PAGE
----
Proving Routine, Performance, and Power Dentistry to improve your horses overall health and well-being!
Who is ready to rodeo??? 🙋🏻
The prizes are in, day sheets are being printed and the kiddos are practicing up. 🐎
Concession stand will be available, so y'all come hungry!!! Donuts 🍩and coffee ☕️for breakfast and brisket sandwiches, burritos and sausage wraps for lunch!
Silent auction and t-shirts available for purchase.
New Caney Equine Center
This is a VERY GOOD reason why you check and float teeth every year. This was in the mouth of Addie last year. Worth sharing again.
Oh my! 55,000 views! Please make sure to like our page for more informative posts.
Photo credit Stacy Pipkin. Feel free to use with credit given.
Myrtle Beach Equine Clinic
THIS is why routine dental care is so important!!! This was found during a routine dental exam on a 25 year old gelding. That is not one, but TWO STICKS wedged across the soft palate. The owner noted that a couple weeks ago, the horse decreased the amount of hay he would eat, but he still ate his grain and grazed and showed no other signs of any other "mouth issues." In fact, this was not even an urgent appointment, but was a first dental on a new Wellness Plan. Horses are amazing at hiding oral pain, so be sure to get them checked at least once per year (twice for seniors)! See the individual pictures for more info, and for the other painful issues we found in his mouth!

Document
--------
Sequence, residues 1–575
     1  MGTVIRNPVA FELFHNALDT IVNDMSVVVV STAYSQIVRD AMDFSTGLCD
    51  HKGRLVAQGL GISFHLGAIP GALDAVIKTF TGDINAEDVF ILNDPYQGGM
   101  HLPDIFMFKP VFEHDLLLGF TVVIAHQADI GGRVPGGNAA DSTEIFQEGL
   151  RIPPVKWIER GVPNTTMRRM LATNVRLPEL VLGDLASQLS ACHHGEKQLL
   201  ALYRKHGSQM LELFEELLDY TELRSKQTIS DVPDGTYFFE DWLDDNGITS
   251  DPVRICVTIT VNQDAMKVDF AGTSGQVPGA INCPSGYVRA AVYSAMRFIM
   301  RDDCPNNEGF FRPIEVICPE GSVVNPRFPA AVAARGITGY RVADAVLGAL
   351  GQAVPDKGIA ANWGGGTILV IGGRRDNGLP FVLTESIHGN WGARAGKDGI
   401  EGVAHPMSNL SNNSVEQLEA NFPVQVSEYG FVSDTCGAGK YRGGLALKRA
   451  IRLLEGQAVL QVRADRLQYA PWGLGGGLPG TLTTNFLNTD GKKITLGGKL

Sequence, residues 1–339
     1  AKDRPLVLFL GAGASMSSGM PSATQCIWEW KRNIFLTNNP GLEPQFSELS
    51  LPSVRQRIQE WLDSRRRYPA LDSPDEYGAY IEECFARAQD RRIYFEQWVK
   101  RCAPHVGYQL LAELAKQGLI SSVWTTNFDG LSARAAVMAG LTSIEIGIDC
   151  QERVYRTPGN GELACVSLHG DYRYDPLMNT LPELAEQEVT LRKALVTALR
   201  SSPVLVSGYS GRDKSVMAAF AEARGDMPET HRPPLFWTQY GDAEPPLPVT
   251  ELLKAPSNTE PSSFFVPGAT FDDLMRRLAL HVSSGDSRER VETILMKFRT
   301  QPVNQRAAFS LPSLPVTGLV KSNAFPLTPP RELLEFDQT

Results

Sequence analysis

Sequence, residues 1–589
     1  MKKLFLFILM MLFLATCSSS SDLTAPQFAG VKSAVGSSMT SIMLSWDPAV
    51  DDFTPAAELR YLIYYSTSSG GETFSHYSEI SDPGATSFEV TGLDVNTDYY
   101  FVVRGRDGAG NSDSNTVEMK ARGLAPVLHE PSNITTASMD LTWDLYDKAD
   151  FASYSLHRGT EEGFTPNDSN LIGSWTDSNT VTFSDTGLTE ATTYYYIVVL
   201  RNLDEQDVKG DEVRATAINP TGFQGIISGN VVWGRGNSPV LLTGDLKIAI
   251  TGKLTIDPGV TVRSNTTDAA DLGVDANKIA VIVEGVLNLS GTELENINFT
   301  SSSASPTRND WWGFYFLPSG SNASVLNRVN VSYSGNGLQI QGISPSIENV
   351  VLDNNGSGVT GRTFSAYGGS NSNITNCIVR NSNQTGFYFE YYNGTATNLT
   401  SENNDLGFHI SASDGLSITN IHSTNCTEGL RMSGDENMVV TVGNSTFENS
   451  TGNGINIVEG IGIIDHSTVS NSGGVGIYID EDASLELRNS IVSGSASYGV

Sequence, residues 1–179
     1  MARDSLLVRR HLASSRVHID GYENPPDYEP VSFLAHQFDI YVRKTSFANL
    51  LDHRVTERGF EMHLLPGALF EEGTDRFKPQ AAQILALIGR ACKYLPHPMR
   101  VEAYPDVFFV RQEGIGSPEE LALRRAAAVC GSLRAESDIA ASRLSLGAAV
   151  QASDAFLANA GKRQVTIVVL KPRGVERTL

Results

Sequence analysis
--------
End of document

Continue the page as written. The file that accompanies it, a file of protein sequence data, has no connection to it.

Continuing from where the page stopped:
Facial Nerves and the importance of proper bridle fitting. This is something Manolo is quite fanatical about, always adjusting nosebands, flashes, browbands and making sure the buckles do not push into delicate structures or the poll strap does not push against the horse's ears (and of course checking bit fit).
A quick look at what cranial nerves DO reveal how important their well being is and why properly fitted tack is paramount. There are twelve pairs of cranial nerves. They have a role in:
Heart rate (sensory and motor control of viscera including heart, lungs, and bowel)
Neck muscles that move the head
Sensation from the face
Motor to the muscles for biting, chewing
Taste from the anterior 2/3rds of the tonque
Taste from the posterior 1/3rd of the tonque
Tearing (lacrimal gland)
Salivation from the parotid gland as well as not from the parotid gland (different nerves)
Sensation and some motor to the pharynx